Following Marguerite Humeau's attempts resuscitating "voices" of prehistoric lives, Amber Stucke's presentation draws on interdisciplinary ideas integrated in her artistic research.
She began with a story of a fungus - mycelium - found on dead insects in tropical wet climates. Mycelium spores attach themselves onto ants (or any insect) fatally infecting the ant's brain by altering its behaviour (zombie ants) and using its body as a vessel to reproduce. The fruiting bodies emerge (cordyceps) from the brain and the cycle continues.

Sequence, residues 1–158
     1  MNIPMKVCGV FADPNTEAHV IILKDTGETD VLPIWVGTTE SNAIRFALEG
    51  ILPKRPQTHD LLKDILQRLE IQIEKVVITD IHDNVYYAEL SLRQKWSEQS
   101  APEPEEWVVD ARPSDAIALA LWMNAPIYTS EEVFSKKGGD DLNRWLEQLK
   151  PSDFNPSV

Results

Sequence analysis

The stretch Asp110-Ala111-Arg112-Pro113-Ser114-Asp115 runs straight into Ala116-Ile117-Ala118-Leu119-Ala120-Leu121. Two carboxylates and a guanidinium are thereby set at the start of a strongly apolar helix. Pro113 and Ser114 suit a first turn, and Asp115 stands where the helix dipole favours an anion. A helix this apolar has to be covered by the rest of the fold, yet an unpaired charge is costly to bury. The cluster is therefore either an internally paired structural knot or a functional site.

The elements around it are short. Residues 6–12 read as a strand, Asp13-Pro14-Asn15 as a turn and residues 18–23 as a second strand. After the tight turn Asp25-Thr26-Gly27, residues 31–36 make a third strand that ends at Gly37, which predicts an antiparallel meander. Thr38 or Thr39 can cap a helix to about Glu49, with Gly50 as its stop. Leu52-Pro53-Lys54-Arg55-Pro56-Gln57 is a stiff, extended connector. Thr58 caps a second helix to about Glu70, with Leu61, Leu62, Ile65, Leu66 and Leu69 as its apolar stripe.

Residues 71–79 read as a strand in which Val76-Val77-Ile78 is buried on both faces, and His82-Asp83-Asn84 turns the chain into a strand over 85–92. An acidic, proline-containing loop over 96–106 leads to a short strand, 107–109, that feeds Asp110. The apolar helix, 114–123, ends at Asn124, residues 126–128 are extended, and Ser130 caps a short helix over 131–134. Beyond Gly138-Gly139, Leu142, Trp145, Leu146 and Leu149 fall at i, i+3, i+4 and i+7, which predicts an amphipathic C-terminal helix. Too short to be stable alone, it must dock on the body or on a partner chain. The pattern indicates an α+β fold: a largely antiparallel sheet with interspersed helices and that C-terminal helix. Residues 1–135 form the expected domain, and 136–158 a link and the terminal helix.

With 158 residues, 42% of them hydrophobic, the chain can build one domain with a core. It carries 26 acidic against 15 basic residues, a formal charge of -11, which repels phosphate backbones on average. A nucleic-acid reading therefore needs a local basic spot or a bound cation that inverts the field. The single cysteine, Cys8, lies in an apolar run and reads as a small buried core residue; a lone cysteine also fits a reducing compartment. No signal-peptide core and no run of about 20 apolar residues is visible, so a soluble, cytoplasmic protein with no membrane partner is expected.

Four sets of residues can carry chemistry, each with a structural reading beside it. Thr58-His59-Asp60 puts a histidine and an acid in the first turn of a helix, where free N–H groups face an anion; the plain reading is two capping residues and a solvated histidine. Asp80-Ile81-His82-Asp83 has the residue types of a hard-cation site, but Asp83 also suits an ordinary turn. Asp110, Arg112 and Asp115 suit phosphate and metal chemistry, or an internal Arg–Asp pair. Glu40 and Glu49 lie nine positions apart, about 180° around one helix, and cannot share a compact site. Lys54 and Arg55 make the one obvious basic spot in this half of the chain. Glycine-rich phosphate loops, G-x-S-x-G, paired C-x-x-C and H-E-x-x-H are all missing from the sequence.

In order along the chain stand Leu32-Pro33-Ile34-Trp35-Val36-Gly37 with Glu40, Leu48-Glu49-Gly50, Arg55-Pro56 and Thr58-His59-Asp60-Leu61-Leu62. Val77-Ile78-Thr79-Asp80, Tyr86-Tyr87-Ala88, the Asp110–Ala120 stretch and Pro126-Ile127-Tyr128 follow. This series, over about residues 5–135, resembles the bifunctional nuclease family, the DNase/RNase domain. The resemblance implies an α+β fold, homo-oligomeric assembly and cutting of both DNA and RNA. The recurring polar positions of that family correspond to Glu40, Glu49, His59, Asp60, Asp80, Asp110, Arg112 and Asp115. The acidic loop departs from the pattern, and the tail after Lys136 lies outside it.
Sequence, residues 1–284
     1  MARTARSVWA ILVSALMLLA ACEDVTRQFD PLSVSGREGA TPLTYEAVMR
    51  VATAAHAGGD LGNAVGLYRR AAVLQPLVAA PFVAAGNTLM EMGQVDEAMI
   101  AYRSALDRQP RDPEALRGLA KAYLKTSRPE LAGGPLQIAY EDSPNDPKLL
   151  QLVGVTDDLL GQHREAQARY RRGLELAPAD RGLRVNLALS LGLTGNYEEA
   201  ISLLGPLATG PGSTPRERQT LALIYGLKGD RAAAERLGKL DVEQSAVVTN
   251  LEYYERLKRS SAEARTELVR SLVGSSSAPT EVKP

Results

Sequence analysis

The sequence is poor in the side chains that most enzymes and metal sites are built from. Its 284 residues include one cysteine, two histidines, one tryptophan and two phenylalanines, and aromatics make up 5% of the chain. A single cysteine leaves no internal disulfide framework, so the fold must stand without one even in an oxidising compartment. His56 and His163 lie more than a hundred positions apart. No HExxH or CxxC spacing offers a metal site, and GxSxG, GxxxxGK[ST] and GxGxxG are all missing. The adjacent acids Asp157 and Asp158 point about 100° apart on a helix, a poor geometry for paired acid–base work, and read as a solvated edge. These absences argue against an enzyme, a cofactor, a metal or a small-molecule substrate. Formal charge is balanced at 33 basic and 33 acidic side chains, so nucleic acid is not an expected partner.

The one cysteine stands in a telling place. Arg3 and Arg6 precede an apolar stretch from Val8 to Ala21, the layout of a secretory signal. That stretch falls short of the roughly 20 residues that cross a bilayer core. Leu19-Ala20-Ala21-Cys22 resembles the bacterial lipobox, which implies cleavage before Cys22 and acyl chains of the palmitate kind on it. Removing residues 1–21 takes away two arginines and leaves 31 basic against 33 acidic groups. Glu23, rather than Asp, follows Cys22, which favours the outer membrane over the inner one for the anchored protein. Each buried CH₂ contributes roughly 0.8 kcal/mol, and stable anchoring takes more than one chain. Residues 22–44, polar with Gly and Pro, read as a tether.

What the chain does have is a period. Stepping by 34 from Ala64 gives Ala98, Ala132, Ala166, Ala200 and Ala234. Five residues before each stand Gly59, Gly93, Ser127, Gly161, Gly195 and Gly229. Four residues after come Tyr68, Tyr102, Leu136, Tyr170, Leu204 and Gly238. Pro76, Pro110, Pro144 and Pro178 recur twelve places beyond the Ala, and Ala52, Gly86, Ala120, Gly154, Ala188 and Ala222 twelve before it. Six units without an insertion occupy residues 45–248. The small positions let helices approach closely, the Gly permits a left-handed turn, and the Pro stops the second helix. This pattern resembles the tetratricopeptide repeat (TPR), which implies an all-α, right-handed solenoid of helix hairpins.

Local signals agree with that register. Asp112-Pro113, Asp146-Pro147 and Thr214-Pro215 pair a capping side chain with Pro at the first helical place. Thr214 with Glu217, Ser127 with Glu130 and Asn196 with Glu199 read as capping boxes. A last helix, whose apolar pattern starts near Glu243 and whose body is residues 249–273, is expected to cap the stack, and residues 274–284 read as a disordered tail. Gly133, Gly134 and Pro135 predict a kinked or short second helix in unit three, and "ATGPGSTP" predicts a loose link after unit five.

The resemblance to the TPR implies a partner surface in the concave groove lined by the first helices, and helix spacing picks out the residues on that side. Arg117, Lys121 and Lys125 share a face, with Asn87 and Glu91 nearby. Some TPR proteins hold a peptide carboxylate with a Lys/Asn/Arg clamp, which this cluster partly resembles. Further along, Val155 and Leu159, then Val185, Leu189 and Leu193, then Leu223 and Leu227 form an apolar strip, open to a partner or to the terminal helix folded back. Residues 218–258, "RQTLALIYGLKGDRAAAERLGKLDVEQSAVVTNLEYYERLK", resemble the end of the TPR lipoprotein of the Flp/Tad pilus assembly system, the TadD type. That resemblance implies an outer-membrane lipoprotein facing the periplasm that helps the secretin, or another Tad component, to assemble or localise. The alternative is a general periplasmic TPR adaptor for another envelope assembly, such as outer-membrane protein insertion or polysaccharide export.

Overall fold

When Amber ingests cordyceps mushroom extracts, she recalls the story of these ants and imagines its influence on her mind-body state, and how it may affect her drawings. Her works reflexively connect her biological imagery with other kinds of biological consciousness (i.e. Michael Pollan gives a plant's-eye view).
"This curiosity also leads me to a journey of how my consciousness and drawing have grown together to create an internal state of mind that I call symbiosis state."